For more topics please check the link bellow:
https://www.youtube.com/playlist?list=PLOBV8lhF_YPtE-P5D8mJZVqy3p4w2kWvp
https://www.youtube.com/playlist?list=PLOBV8lhF_YPtujh1D7kzZw1Z2vve5huuZ

Views: 9
Vijay S

In 2012, scientists developed a system to predict what number a rolled die would land on. Is anything truly random or is it all predictable?
Can Game Theory Help A Presidential Candidate Win? - http://bit.ly/2bMqILU
Sign Up For The Seeker Newsletter Here - http://bit.ly/1UO1PxI
Read More:
On Fair And Randomness
http://www.sciencedirect.com/science/article/pii/S0890540109001369
"We investigate the relation between the behavior of non-deterministic systems under fairness constraints, and the behavior of probabilistic systems. To this end, first a framework based on computable stopping strategies is developed that provides a common foundation for describing both fair and probabilistic behavior. On the basis of stopping strategies it is then shown that fair behavior corresponds in a precise sense to random behavior in the sense of Martin-Löf's definition of randomness."
Predicting A Die Throw
http://phys.org/news/2012-09-die.html
"Vegas, Monte Carlo, and Atlantic City draw people from around the world who are willing to throw the dice and take their chances. Researchers from the Technical University of Lodz, Poland, have spotted something predictable in the seemingly random throw of the dice."
HTG Explains: How Computers Generate Random Numbers
http://www.howtogeek.com/183051/htg-explains-how-computers-generate-random-numbers/
"Computers generate random number for everything from cryptography to video games and gambling. There are two categories of random numbers - "true" random numbers and pseudorandom numbers - and the difference is important for the security of encryption systems."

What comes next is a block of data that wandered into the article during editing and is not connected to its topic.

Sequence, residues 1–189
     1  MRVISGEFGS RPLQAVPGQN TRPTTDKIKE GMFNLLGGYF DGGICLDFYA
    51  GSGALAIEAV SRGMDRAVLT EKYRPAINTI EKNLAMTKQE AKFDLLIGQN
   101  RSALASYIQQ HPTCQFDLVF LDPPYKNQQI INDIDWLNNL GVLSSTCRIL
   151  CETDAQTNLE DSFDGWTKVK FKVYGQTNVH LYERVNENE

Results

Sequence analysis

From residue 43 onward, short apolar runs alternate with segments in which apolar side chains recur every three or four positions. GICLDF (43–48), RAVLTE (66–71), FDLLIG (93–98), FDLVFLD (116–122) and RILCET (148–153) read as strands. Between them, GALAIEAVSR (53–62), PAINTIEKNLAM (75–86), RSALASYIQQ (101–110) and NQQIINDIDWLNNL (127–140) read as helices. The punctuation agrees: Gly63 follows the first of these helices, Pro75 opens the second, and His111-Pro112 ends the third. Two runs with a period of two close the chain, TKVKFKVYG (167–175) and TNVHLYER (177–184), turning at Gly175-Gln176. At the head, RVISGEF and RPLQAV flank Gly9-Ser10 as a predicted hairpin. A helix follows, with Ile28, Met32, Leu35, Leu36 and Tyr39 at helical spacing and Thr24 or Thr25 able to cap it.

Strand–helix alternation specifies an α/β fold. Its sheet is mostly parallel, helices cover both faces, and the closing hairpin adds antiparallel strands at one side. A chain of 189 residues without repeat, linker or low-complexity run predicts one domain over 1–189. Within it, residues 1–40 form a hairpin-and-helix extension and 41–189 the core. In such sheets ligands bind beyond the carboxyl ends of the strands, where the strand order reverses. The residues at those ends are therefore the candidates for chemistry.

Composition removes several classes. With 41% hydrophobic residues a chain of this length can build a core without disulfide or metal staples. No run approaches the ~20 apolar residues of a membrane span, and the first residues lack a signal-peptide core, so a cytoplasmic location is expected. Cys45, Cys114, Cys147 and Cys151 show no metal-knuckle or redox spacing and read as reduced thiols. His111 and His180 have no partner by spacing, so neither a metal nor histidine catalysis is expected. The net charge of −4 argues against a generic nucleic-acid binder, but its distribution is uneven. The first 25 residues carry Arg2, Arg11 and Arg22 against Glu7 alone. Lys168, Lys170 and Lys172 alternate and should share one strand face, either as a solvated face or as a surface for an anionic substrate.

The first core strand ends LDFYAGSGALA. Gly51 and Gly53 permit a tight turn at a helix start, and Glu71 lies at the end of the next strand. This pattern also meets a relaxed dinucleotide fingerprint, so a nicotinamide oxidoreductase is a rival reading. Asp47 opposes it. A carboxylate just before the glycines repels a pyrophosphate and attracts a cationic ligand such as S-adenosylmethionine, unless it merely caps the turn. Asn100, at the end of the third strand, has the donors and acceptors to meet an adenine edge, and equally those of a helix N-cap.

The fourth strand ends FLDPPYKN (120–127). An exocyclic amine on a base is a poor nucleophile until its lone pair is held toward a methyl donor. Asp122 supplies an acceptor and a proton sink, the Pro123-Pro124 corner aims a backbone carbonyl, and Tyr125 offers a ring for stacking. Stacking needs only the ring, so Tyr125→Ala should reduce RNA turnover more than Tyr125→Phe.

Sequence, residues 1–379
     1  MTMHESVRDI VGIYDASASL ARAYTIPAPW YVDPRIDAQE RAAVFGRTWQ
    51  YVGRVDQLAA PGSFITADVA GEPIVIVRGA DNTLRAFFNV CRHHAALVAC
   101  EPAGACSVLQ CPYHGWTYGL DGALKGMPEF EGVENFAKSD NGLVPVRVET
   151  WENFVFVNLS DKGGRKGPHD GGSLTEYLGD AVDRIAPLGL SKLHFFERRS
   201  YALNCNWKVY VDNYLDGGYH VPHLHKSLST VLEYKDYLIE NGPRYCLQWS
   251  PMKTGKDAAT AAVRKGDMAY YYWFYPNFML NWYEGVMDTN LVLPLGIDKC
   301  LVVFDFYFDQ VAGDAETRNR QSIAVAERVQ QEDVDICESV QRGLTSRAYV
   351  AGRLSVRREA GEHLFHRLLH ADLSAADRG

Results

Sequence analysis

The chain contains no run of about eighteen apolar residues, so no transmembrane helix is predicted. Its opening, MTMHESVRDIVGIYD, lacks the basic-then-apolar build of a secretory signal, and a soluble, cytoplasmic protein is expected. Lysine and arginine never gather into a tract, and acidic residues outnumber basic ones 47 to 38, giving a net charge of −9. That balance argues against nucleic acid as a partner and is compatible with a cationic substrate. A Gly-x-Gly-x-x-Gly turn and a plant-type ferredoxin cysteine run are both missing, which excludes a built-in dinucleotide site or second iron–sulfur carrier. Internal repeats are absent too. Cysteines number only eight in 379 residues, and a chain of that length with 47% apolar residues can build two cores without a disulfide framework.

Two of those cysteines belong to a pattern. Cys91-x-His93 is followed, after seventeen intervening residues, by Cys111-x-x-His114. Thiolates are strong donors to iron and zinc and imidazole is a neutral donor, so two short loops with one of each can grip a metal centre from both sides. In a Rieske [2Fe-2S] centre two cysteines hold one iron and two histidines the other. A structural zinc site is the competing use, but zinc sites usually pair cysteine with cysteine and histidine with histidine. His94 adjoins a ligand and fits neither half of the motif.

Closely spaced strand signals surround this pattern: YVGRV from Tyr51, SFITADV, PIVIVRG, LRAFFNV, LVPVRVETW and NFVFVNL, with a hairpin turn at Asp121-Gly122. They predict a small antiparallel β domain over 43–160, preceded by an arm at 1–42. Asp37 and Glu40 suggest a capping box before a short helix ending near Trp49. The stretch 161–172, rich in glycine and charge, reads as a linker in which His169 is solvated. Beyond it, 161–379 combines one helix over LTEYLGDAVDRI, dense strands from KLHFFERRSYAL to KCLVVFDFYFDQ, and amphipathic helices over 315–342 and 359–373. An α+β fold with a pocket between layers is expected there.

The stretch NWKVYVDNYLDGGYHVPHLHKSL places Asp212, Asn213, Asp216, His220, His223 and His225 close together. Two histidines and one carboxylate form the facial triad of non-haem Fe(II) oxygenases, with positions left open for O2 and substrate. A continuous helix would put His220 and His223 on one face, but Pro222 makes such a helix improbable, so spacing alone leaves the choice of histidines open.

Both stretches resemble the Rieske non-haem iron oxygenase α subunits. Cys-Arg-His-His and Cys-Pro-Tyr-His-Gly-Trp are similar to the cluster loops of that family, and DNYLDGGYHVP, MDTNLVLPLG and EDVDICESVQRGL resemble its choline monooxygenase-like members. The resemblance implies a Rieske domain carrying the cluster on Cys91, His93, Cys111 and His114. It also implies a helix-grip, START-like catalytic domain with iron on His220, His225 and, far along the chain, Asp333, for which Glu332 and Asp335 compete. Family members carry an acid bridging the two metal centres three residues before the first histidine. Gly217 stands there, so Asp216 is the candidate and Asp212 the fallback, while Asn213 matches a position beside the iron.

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Special thanks to Jules Suzdaltsev for hosting DNews!
Check Jules out on Twitter: https://twitter.com/jules_su

Views: 190399
Seeker

This project presents a quantum random number generator for a multitude of cryptographic applications based on the alpha decay of a household radioactive source.

Views: 688
BTYoungScientists

Medium: https://medium.com/asecuritysite-when-bob-met-alice/for-control-of-the-internet-its-bots-v-humans-solving-captchas-in-a-crediable-and-secret-way-d947c21ec62a?source=friends_link&sk=871062acea1a89d5c26f538cf6744011
Coding: https://asecuritysite.com/encryption/vop

Views: 111
Bill Buchanan OBE

*Click Below to Sign up for the free Arduino Video Course:*
http://bit.ly/Arduino_Course
*Click Below to Check Out the Premium Arduino Video Course:*
http://bit.ly/Premium_Arduino
*Click Below to Read About This Topic on Our Website*
http://bit.ly/Random_Arduino
*Description:*
In this video we demonstrate how to create pseudo random numbers with Arduino - with a useful twist.
This lesson was inspired by the following viewer question:
"How do I create Random Non-Consecutive numbers with Arduino.
P.S. These are the best tutorials that a complete idiot like you could ever make, thanks."
-Anonymous
*Let's overview exactly what we will talk about in todays episode:*
Talk about pseudo random numbers.
Identify the problem - using an Arduino sketch to demonstrate.
Discuss how we might solve the problem.
Write an Arduino sketch that solves the problem.
Review what we talked about.
*Pseudo Random Numbers*